Effective Discipline Takes Time

I've been reading Kay Kuzma's book "The First 7 Years" which is excellent, by the way -- powerful and packed with juicy parenting techniques! I wanted to share one anecdote with you, found in Chapter 30 - Guidelines for Avoiding Conflict.

An Example of Effective Discipline Taking Time
It was a busy time at the Wilson's family reunion as preparations were being made for a picnic. Four-year-old Jacob was running through Grandma's kitchen with his cousin, David, when he bumped into the table. The watermelon crashed to the floor. It split open and made a mess. Mom, realizing it was an accident, calmly asked Jacob to help her clean it up.

"No," he shouted as he ran out the back door, "you can't make me."

There were dozens of relatives milling around, and immediately two older cousins bent down and started cleaning up the mess. It would have been easy to just let Jacob go. But Mom was too smart for that. She said, "Leave a couple pieces on the floor so Jacob can help. I'll be back with him shortly."

Mom casually walked outside, visited with some grown-ups, and then found Jacob kicking a ball with his cousins. She watched their play for a few minutes. She even kicked the ball back to the group when it came toward her. She didn't push to immediately right the wrong. She knew Jacob needed time to calm down. Then she spoke to the cousins. "Would you please excuse Jacob for a minute? As soon as we're finished, Jacob will come back out to play."

It was Jacob's turn to be surprised. His defenses were down. Mom further disarmed him by showing she was on his side by quietly saying to him, "I know you didn't mean to knock the watermelon off the table." She reached into his heart for the emotion that caused his behavior. "You were embarrassed that your mistake made such a big mess, weren't you? Then in front of the relatives when I asked you to clean it up, it made you angry that I would embarrass you even more. All you wanted to do was get out of there. But, Jacob, it's always important to do the right thing, no matter how we feel. So let's go back and help pick up that watermelon. It makes Jesus happy when you do the right thing."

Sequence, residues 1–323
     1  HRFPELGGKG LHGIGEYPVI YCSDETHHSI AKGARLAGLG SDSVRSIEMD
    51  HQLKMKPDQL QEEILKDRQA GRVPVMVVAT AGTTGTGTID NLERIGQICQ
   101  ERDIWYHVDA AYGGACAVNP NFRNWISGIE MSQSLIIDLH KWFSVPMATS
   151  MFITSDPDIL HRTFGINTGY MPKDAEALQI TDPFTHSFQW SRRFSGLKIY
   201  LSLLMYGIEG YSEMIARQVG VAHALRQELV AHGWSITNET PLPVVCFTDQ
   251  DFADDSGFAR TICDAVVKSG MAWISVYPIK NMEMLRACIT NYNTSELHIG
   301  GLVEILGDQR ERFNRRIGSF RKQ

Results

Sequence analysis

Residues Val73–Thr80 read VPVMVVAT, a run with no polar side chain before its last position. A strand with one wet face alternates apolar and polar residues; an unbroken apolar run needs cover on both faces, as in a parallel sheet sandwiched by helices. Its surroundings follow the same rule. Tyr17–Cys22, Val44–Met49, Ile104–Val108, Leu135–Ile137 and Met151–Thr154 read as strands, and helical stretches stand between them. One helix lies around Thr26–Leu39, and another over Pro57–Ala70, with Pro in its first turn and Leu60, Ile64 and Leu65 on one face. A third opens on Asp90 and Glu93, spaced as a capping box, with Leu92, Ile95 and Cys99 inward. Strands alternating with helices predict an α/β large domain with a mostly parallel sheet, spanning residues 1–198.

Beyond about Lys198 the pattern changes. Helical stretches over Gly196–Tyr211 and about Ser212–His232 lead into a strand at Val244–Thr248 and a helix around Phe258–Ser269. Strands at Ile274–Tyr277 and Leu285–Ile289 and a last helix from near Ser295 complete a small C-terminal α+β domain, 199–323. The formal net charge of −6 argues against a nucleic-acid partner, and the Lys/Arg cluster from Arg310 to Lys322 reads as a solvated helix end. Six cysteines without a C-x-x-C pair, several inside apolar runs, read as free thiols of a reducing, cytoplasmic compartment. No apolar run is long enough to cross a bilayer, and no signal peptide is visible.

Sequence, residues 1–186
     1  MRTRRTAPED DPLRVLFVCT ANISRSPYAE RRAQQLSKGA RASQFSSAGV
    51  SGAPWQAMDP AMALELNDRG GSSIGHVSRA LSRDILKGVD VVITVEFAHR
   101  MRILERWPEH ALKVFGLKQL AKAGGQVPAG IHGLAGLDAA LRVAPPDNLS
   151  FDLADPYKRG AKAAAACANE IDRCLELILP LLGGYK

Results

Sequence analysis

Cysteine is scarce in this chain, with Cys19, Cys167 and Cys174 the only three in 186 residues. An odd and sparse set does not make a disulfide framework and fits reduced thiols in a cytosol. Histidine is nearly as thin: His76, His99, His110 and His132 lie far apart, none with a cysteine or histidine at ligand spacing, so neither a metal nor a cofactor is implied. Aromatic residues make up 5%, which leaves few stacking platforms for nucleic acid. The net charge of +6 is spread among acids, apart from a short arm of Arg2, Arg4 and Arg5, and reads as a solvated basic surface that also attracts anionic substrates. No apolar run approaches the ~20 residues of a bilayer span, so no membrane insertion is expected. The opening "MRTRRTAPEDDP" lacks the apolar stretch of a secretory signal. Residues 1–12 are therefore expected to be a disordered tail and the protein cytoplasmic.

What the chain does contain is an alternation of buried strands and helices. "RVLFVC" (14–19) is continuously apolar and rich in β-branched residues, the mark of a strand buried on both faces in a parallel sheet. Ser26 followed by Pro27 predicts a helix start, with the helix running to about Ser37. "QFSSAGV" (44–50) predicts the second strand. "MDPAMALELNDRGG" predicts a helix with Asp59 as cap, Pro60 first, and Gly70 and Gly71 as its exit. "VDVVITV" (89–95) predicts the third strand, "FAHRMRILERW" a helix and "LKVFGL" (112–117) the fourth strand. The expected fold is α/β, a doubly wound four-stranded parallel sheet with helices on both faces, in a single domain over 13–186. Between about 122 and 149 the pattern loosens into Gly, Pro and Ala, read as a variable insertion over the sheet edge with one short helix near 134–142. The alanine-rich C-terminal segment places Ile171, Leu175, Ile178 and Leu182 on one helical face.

After talking for a few minutes, Jacob relaxed. He felt sorry for what he had done. Jacob admitted that running through the kitchen was not a smart thing to do. To right the wrong, he agreed to apologize to Grandma and then help pick up whatever was left. Together, they walked back to the kitchen.

Mom could have acted quickly. In two minutes, she could have collared Jacob and marched him back into the house to make things right. But she didn't. Instead, she listened to his emotions and recognized his hurt. When he felt understood, he willingly obeyed her request.

Here's the lesson for parents: Guard your child's feelings of personal value. If Jacob had been pushed in front of an audience to apologize when he was embarrassed, he would have resisted. By waiting until negative feelings cooled, Jacob had a chance to make things right himself and save face.